• Child's birth certificate.

  • Child's immunisation record.

  • Proof of residence address, such as a BC Hydro receipt, rental agreement, rent payment receipt, or internet/cable receipt.

  • Proof of Status in Canada for both parents and children.

  • School reports, with certified English translations if necessary.

Please ensure that you fill out the form corresponding to the city in which you reside.

Private and Independent school

Private and Independent schools are schools that the province partially funds. The more funding they receive from the government, the more affordable they become. This is a good alternative to choose if you want a different learning approach than what public schools offer.

Types of private schools in BC:

It is critical to select the type of school ahead of time to be able to make a good decision and select a school that better fits you and your child's needs. Keep in mind commutes, philosophy, and tuition as well.

Homeschooling Homeschooling is legal in all Canadian provinces and can be done by the parents or caregivers of the child who wish a different, more independent approach to learning. Parents or caregivers must follow a curriculum to provide this type of education; however, it doesn’t need to be the same curriculum used in public schools, and you don’t have to report to anyone. In order to homeschool, you need to register your kids at any public school, including public Online Learning schools by September 30th each year. Here is a list of participating schools where you can register your kids for homeschooling.

If you are interested in this learning approach, there are a lot of resources for you to review:

Appetite to Play: Get ideas and information for eating and playing. Also learn about the different developmental milestones for early childhood.

Let's Play! Activities for Families: Get ideas for activities through engagement, communication, identities, and well-being. These books are offered in nine different languages, including English.

Play Today a Guide for Families: Get ideas for quality play time with your kids. This guide is for parents with kids ages three to eight.

Kids Book Clubs: For early readers to meet at the library branch or virtually.

Further Reading:

Newcomer Families Resources for Adolescence and Youth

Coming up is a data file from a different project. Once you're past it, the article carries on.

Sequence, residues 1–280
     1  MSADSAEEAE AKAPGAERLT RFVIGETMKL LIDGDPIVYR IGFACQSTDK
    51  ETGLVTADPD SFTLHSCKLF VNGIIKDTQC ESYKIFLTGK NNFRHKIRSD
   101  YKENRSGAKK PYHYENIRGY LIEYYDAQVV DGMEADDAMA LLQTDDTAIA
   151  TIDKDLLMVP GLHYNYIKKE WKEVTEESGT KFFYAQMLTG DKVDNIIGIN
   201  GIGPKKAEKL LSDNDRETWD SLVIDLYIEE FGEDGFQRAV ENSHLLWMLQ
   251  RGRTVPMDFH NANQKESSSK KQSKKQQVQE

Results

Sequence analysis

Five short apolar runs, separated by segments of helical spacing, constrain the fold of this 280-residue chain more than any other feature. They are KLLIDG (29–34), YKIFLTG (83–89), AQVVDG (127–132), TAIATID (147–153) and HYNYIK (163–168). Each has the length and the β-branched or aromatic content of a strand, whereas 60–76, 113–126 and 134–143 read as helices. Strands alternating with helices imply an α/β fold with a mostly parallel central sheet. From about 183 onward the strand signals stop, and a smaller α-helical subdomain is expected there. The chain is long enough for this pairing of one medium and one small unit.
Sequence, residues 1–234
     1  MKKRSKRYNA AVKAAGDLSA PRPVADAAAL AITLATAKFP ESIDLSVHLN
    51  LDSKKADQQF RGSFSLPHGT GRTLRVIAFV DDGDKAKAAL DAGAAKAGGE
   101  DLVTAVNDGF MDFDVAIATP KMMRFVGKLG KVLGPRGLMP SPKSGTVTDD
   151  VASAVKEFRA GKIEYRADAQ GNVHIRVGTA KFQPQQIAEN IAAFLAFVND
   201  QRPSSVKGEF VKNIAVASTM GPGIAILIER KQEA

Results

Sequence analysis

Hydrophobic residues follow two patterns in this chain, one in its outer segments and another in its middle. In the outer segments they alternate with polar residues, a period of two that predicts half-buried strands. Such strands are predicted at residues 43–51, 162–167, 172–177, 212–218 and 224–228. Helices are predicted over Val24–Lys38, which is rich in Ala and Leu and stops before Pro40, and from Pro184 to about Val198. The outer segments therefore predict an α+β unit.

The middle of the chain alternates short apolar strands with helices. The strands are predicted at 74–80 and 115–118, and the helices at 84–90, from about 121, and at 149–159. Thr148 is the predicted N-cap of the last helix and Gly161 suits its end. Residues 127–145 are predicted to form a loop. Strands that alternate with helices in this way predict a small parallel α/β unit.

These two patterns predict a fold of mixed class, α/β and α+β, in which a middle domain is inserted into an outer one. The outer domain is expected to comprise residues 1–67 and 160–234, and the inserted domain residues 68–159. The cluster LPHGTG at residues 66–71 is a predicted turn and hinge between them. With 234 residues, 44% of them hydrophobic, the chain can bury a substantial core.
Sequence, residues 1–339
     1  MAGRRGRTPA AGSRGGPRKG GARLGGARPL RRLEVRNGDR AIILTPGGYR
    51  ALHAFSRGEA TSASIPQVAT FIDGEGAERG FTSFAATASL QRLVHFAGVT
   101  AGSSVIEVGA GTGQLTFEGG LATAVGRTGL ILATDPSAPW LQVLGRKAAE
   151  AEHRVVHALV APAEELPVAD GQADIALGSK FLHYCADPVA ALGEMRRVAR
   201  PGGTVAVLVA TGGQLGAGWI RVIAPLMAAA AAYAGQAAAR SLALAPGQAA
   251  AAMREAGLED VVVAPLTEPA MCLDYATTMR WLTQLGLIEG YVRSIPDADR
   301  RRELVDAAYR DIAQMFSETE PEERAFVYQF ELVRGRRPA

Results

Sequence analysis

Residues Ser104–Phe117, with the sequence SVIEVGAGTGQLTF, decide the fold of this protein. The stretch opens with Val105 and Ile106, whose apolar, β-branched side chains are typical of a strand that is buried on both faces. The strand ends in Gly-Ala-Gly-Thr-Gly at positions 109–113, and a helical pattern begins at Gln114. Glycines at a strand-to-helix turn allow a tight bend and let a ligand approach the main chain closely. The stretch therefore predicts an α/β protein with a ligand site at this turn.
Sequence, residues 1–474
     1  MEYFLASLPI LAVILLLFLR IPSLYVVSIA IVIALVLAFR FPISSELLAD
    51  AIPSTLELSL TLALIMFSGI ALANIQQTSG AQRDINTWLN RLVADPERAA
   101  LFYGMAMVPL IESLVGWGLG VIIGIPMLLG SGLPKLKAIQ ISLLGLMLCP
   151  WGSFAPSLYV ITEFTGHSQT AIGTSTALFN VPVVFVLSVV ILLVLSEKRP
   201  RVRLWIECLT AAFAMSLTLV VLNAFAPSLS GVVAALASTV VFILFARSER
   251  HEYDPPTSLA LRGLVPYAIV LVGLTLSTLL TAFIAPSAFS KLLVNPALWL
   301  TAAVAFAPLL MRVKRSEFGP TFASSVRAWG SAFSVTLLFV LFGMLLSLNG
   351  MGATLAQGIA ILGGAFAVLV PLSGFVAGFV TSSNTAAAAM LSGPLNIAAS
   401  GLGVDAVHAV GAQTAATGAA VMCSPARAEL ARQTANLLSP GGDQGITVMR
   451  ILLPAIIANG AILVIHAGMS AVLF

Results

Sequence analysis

Kids grow fast, and so do their curiosity and interests. Adolescence and youth are fun and beautiful stages that don't come without their own challenges. As we keep caring for our children and look for the best way to help them gain valuable tools for life, moving to a new country at this age might be overwhelming for them. Rest assured that kids have an amazing way to adapt to new situations and environments, and with the right guidance from you and the community, they will have a successful start.

Health Link BC: Parenting teens 12-18 years old

Government of Canada: Here you'll find information on youth services and programs, settlement, education, mental health, and support.

Public School: If your child was not born in Canada and is not yet a Canadian citizen and you would like to register them at a public school in BC, refer to:

Public Library Teen Services: Everything from book clubs and writing camps to help looking for jobs, mental health, service hours, and more.

Health BC: Parenting young adults 19 years and over

Work BC: Youth services to career exploration, skills needed to enter jobs in demand, as well as how to start looking for a job and how to start a business.

S.U.C.C.E.S.S.: Support and services to help youth achieve their goals and create positive relationships.

AMSSA: Multilingual services and health resources for newcomer youth.

ISS of BC: Multicultural youth programs and circles to help connect with other newcomer youth.

Wrapping up:

We wish you the very best in this beautiful journey to your new life, and as always, we invite you to search for the resources and programs closest to you. We understand that BC is a big province, so the links shared here only show a small part of what there is. 

If you have any concerns or questions, don't hesitate to reach out, and we will do our best, if not to answer them, to put you in the right direction. Once again, welcome to Canada!


bottom of page